Choughlets or choughlings?

Whichever you prefer, Kernow has some!

On Friday, Tony Cross paid his annual visit to say hello to the wild choughs of Cornwall and to find out what they have been up to.

Choughs lay between 3 - 5 eggs each year and the number can depend on age, experience, weather, disturbance or whether they can find enough food.  The number can sometimes be less than 3 if any of those factors are working against them.  They reach maturity at 3 years old but in Cornwall they start breeding at 2 years old.

All six nests were visited in one day and this is what happened in nest visit order:

Nest 1 - this pair have a bumper full clutch of 5 chicks.  This is the Lizard pair and their second year at breeding - last year they had 3.  They moved house in the spring (twice!) and the clever birds have set up their new home in a really good spot so hopefully they will have a successful fledging too.

Nest 2 - second year of breeding and only one chick in the nest.  They had three last year so we were expecting three plus due to maturity and experience.
choughletlingNest 3 - First year breeding attempt and they are both two years old.  They have picked a very good nest site. So good, Tony couldn't get to the nest in time so this could end up being a bit of a surprise for us come fledging time!
Nest 4 - This pair have had four chicks this year.  The past few years they have had a full clutch of five. Our oldest breeding pair of choughs in Cornwall and the oldest male in Cornwall at 11 years old.  This is their seventh/eighth year of breeding.

Nest 5 - This pair have had two chicks.  It is their third year of breeding and their third time of producing two chicks!

Nest 6 - a new pair who have produced one chick.  The male is an older bird who hasn't bred before but the female is only two.  This site is a busy site from visitors to the area and the pair struggled to get going.

That is it for another year.  Here is a picture of Tony doing his thing!

Please note: These photographs are not to be re-produced, published or re-posted without permission of the photographer. Contact

Spring is here

That's right! The birds are busy and no more so than the wild red-billed choughs of Cornwall.

As we head towards the breeding season, we know that there are approximately twenty four choughs spread out along the Cornish coast from the south east to the north.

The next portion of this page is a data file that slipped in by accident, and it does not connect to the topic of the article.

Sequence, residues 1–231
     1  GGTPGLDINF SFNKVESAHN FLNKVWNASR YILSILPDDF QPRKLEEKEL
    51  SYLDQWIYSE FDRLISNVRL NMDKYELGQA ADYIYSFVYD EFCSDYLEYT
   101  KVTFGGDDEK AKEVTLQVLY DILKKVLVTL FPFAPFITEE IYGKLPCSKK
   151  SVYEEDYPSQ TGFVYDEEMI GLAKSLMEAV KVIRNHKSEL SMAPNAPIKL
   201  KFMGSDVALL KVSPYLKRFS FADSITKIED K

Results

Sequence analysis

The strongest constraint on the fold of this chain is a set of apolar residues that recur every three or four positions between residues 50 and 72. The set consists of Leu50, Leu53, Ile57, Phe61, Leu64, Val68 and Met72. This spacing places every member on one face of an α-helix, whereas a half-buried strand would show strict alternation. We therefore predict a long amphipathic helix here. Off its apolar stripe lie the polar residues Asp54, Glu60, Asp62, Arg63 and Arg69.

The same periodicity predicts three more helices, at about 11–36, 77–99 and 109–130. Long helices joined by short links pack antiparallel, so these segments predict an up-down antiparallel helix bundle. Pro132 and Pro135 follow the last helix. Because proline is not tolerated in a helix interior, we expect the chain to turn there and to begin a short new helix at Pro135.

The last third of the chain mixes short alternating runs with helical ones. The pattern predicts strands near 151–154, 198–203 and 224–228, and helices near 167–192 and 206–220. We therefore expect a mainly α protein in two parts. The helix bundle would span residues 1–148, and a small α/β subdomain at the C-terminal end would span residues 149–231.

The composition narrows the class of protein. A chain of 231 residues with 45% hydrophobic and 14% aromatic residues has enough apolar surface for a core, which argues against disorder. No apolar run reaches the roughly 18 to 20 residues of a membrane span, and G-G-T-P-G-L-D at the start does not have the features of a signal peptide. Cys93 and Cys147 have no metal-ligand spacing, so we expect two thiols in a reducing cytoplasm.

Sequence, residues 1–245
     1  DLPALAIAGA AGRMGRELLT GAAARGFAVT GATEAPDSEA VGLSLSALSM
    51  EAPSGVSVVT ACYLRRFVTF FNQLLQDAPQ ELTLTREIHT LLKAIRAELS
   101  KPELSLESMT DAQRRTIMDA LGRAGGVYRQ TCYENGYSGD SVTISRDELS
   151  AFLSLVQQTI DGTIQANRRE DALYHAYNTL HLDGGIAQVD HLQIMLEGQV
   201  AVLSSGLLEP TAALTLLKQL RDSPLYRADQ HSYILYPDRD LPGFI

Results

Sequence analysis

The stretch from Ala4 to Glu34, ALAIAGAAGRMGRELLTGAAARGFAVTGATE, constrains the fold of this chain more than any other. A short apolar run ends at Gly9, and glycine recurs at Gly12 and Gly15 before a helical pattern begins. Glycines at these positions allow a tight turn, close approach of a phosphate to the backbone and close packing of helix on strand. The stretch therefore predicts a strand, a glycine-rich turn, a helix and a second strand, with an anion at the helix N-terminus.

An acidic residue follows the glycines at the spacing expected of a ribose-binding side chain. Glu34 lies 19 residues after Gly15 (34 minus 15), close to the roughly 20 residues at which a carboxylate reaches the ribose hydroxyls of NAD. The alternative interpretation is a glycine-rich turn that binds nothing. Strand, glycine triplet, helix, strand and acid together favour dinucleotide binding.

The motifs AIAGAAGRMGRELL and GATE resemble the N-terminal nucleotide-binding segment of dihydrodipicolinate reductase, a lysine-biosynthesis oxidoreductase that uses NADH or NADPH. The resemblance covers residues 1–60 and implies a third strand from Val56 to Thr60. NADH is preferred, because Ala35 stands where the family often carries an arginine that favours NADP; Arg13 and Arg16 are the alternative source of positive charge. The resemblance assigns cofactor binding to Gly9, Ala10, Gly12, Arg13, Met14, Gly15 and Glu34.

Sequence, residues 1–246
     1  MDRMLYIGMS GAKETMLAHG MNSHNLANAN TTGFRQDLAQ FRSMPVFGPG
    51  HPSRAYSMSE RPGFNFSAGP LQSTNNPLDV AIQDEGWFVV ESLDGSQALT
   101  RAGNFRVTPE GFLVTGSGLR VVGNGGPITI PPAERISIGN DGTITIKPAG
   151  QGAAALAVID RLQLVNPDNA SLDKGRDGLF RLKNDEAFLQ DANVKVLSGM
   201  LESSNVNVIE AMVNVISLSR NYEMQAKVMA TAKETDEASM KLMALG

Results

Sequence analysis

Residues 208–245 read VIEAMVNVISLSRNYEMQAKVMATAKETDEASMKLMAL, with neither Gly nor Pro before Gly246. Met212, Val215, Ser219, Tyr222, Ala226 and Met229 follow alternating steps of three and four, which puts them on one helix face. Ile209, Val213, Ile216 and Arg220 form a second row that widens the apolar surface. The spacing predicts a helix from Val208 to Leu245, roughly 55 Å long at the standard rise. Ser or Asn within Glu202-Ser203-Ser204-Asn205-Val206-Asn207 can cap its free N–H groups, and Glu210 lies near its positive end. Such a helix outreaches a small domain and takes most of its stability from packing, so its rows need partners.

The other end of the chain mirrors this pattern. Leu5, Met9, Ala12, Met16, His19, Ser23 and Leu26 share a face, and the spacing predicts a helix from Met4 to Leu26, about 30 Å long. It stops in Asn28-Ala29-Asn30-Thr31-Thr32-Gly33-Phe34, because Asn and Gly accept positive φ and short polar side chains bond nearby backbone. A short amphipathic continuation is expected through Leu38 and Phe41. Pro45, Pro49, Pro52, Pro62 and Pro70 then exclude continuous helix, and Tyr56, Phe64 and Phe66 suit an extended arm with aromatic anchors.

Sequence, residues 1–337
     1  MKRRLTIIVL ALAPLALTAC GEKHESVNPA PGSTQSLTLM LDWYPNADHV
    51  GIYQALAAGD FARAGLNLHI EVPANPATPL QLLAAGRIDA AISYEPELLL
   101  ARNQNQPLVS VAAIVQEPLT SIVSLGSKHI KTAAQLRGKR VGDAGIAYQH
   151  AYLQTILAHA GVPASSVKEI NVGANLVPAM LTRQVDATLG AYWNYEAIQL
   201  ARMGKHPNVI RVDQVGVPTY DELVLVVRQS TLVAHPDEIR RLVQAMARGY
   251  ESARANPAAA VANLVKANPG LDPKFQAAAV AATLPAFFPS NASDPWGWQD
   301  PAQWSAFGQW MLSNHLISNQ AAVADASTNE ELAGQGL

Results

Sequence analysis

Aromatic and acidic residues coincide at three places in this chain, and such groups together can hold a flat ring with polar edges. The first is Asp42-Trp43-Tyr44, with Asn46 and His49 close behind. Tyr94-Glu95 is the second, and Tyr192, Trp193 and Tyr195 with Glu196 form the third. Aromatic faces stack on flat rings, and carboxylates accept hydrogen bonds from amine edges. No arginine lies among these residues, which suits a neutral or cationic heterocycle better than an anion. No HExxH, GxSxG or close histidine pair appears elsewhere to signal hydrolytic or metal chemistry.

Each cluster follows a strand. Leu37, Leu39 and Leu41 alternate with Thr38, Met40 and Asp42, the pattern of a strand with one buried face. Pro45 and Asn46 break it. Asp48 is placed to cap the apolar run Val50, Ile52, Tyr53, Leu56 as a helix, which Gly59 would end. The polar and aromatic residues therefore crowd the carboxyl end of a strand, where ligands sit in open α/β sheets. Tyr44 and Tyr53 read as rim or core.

Unfortunately, over winter it looked like the population had lost two breeding pairs with a chough from each one vanishing. That was made more sad by one of those pairs being an established pair who have raised a good number of chicks since 2011.  In fact, last year they had four chicks fledge the nest and all four are still alive having made it through their first winter which is a happy but sadly a rare occurance in the chough world.

Now for the happy news! At the beginning of the year, we were looking at four established breeding pairs with the possibility of a new pair but all of a sudden we are watching nine pairs!  That's right, NINE pairs!

That is the highest number since the chough recolonised in Cornwall in 2001.

They may not all breed this year but we are watching them all and will let you know how they get on.


Volunteer for Cornwall’s wild choughs

We are looking for local people to join our team to protect and monitor the wild chough population in West Cornwall.

About three quarters of the population of Cornwall’s choughs are in the St Just area and reside along the coast between Pendeen and Land's End.  Hopefully as the numbers go up, you are getting a chance to see them?

However, the numbers are still very low.  Monitoring the choughs helps us keep an eye on the population and what they are up to so we know how to best adapt our conservation efforts for them.

Choughs have the highest level of protection as a Schedule 1 species under the Wildlife and Countryside Act, but due to their rarity they are still at risk from disturbance and egg thieves.  A dedicated team of volunteers helps to protect nest sites from these risks.

In partnership with National Trust on the Lizard, we are also looking for volunteers to help protect and monitor the pair of choughs that live on Southerly Point.

You don't need to be a birdwatcher, you just need to be interested in wildlife and love the outdoors!
Taking part involves spending a regular amount of time each week through the spring and early summer.
Most people volunteer on their own but you can also volunteer with your partner or a friend.
Ultimately, you are part of a team and it is a great opportunity to meet others with similar interests during the spring.
You also get to learn about and see the choughs and other wildlife on Cornwall’s coast.

You must be over 18 years old.   Have a good level of physical fitness and be comfortable outside in most weathers. Be passionate about wildlife and want to help protect the choughs.
Available for a few hours once a week or fortnight or more if you have plenty of time on your hands!  We are looking for people who are available April to June.

If you are interested in helping the National Trust on the Lizard, visit their blog site for more info:

If you are interested in helping the choughs in West Cornwall, or would like more information on the choughs in Cornwall, contact us on:

You can also register your interest to volunteer via